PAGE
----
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Identify Claims, Check or Accounting Fraud: One Simple Check
Latest   Machine Learning

Identify Claims, Check or Accounting Fraud: One Simple Check

Last Updated on July 24, 2023 by Editorial Team

Author(s): Mishtert T

Originally published on Towards AI.

Fraud Detection U+007C Implementation Example in R

Quick Way to Identify, Filter & Test Assumption of Fraud

Photo by Marvin Ronsdorf on Unsplash

Law of Anomalous Numbers (Benford’s Law)

If you are reading a newspaper and you start writing down all the numbers that you see on that page and count occurrences of the first nine digits 1, 2, 3…..9.

What do you think the expected frequencies for these first digits?

Are you guessing it to be about 1/9? Well, you might be surprised by the answer.

Benford’s Law: — is an observation about the frequency distribution of leading digits in many real-life sets of numerical data.

  1. 1st Digit ~30%
  2. 2nd Digit ~17%…
  3. 9th Digit ~4.6%
Expected Frequency — First Nine Digits

A dataset satisfies Benford’s Law for the first digit if the probability that the first digit D1 equals d1 is approximately

A good place to start about Benford’s Law & how and where it can be used and where not to be used would be Wikipedia.

How to use for analysis in R

Writing a simple function to test Benford’s Law

ben_law ← function(d) log10(1 + 1 / d);ben_law(1) --> 0.30103

Now, let’s test the law on powers of two and the Fibonacci sequence.

Fibonacci numbers commonly denoted by Fn, form a sequence, Fibonacci sequence, characterized by the fact that each number is the sum of the two preceding ones, starting from 0 and 1.

Generating first 1000 Fibonacci numbers:

n <- 1000;
num_fib <- numeric(n);
num_fib[1] <- 1;num_fib[2] <- 1;
for (i in 3:n) {num_fib[i] <- num_fib[i-1]+num_fib[i-2] }
[1] 1 1 2 3 5 8

Generating first 1000 powers of 2:

power_2 <- 2^(1:n);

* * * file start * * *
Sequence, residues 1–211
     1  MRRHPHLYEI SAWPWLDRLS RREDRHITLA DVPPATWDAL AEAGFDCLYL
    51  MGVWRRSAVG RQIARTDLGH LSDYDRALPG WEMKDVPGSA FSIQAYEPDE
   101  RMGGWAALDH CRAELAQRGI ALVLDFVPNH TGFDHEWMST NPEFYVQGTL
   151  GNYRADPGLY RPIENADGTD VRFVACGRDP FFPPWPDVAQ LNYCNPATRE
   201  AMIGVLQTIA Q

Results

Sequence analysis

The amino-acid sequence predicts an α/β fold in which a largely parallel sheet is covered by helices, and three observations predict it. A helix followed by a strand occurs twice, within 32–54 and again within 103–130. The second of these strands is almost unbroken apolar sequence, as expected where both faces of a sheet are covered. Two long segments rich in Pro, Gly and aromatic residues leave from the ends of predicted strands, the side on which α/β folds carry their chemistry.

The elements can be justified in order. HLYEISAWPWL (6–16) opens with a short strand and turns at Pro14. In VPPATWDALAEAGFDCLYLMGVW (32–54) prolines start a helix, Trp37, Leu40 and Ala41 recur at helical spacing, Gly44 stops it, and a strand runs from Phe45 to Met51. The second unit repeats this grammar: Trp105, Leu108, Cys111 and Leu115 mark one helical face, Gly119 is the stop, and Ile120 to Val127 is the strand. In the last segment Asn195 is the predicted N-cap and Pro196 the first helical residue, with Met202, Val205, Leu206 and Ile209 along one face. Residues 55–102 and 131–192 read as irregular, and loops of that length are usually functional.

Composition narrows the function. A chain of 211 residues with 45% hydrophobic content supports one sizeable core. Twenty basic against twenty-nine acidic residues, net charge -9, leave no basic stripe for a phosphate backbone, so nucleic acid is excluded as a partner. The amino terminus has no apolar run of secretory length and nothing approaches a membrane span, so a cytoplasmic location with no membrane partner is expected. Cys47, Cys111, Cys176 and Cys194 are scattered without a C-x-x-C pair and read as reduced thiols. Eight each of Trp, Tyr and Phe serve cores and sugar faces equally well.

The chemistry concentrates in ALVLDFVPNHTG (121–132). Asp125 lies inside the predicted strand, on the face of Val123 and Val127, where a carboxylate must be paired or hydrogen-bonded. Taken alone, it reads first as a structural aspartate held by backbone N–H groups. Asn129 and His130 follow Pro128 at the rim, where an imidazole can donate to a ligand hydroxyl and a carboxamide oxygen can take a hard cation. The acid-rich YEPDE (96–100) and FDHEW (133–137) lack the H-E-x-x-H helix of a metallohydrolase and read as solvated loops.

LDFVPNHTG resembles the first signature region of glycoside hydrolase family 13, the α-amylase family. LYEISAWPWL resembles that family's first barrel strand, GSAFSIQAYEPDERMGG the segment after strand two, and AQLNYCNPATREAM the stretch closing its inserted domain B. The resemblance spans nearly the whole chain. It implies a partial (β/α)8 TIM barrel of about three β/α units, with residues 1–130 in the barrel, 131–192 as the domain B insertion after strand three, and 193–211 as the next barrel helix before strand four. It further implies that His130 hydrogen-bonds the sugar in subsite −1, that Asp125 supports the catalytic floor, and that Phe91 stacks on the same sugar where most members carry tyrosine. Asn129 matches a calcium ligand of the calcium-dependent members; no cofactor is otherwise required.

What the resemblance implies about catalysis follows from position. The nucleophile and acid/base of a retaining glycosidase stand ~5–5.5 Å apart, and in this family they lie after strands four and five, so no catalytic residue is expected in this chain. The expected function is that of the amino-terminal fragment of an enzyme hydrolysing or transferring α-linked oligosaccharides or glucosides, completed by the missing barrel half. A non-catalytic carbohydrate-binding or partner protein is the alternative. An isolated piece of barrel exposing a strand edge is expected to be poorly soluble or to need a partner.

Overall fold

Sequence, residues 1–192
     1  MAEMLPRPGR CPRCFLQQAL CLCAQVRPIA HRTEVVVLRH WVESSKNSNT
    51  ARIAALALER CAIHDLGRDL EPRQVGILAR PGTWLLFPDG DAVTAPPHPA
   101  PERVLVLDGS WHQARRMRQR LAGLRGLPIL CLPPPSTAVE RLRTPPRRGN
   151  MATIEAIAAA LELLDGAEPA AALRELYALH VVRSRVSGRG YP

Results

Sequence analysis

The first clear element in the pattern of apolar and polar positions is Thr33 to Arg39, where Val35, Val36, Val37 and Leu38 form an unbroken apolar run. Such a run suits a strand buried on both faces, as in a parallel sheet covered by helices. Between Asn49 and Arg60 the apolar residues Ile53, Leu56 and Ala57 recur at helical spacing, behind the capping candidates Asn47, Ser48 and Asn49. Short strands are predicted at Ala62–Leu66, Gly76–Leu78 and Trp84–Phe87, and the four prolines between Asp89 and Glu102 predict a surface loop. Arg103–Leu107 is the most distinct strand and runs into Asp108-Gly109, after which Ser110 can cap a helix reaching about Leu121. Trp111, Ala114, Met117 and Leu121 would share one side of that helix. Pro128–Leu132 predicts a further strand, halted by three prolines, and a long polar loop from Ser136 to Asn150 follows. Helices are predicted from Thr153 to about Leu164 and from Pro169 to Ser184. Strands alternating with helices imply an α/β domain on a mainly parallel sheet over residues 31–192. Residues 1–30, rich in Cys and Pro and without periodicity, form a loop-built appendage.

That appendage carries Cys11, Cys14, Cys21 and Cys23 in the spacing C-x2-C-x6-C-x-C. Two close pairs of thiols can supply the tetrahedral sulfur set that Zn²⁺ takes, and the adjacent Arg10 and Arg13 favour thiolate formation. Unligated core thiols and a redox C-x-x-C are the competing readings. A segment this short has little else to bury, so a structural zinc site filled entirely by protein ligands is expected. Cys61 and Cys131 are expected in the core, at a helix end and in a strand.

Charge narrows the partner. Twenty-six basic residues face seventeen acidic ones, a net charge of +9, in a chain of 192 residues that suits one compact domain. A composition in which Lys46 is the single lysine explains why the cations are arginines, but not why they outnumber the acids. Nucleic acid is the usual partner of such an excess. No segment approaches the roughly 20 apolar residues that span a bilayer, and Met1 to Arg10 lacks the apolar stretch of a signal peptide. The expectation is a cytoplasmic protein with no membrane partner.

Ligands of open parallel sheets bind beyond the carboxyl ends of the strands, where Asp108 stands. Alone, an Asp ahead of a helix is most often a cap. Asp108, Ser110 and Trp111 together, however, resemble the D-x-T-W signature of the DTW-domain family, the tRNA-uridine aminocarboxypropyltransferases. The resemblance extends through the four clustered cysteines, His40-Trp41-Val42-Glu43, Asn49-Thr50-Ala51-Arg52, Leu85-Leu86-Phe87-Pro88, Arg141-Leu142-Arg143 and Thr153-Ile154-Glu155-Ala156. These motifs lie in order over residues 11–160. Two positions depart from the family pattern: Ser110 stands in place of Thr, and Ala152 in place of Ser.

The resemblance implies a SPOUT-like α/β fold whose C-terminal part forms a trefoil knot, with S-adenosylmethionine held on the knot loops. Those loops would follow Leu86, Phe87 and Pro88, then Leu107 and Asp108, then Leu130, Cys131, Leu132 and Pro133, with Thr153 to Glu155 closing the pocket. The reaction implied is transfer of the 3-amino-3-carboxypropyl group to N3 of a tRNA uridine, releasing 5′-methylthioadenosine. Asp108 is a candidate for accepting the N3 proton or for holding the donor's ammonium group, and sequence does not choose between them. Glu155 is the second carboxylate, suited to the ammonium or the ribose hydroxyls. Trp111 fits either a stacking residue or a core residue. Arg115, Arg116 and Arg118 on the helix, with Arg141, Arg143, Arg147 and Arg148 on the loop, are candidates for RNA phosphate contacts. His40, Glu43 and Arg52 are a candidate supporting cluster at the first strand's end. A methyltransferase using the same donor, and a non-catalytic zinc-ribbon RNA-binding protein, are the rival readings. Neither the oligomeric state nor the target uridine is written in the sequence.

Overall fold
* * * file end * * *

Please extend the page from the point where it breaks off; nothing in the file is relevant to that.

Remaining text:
[1] 2 4 8 16 32 64

The proof is in the plot

The below plot shows the conformity of the digits to the Benford’s Law!!

package — benford.analysis available in CRAN

benford_fib <- benford(num_fib, number.of.digits = 1); plot(benford_fib)benford_power2 <- benford(power_2, number.of.digits =1);

Many datasets satisfy Benford’s Law

  1. Numbers representing sizes of facts or events
  2. Numbers with no relationship to each other
  3. datasets that grow exponentially or arise from multiplicative fluctuations
  4. Mixtures of different data sets

Some Practical applicabilities:

  1. Electricity and telephone bills
  2. Accounting transactions
  3. Credit card transactions
  4. Customer balances
  5. Insurance claims
  6. Purchase orders
  7. Income data
  8. House prices
  9. Stock Prices
  10. Loan data

and many more…..

“Fraud is typically committed by changing real observations or by adding invented numbers”

Benford’s Law Non-Conformance:

Sometimes (only some times), data doesn’t conform to Benford’s Law.

  1. If data has an upper or lower boundary
  2. Data is concentrated in a narrow interval (height of people, hourly wage)
  3. Identification numbers (eg. Flight Number, Vehicle License Plate Numbers, Phone Numbers, Social Security Number)
  4. Additive fluctuations instead of multiplicative fluctuations (eg. heartbeat on any given day)

First-two digits Test

Benford’s Law can also be used to test frequencies of first-two digits. This test is more reliable than the first digits test.

Just change the “number.of.digits” argument to 2 within the “benford” function and you’re on your merry way to test the conformance of first-two digits.

Photo by NeONBRAND on Unsplash

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Published via Towards AI

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